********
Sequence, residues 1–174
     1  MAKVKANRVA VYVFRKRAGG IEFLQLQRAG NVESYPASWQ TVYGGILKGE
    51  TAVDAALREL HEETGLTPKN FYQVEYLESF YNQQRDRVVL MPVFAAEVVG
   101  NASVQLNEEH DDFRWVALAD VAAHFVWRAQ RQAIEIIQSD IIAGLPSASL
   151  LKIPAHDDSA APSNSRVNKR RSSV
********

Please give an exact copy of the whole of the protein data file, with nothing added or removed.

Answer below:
Sequence, residues 1–174
     1  MAKVKANRVA VYVFRKRAGG IEFLQLQRAG NVESYPASWQ TVYGGILKGE
    51  TAVDAALREL HEETGLTPKN FYQVEYLESF YNQQRDRVVL MPVFAAEVVG
   101  NASVQLNEEH DDFRWVALAD VAAHFVWRAQ RQAIEIIQSD IIAGLPSASL
   151  LKIPAHDDSA APSNSRVNKR RSSV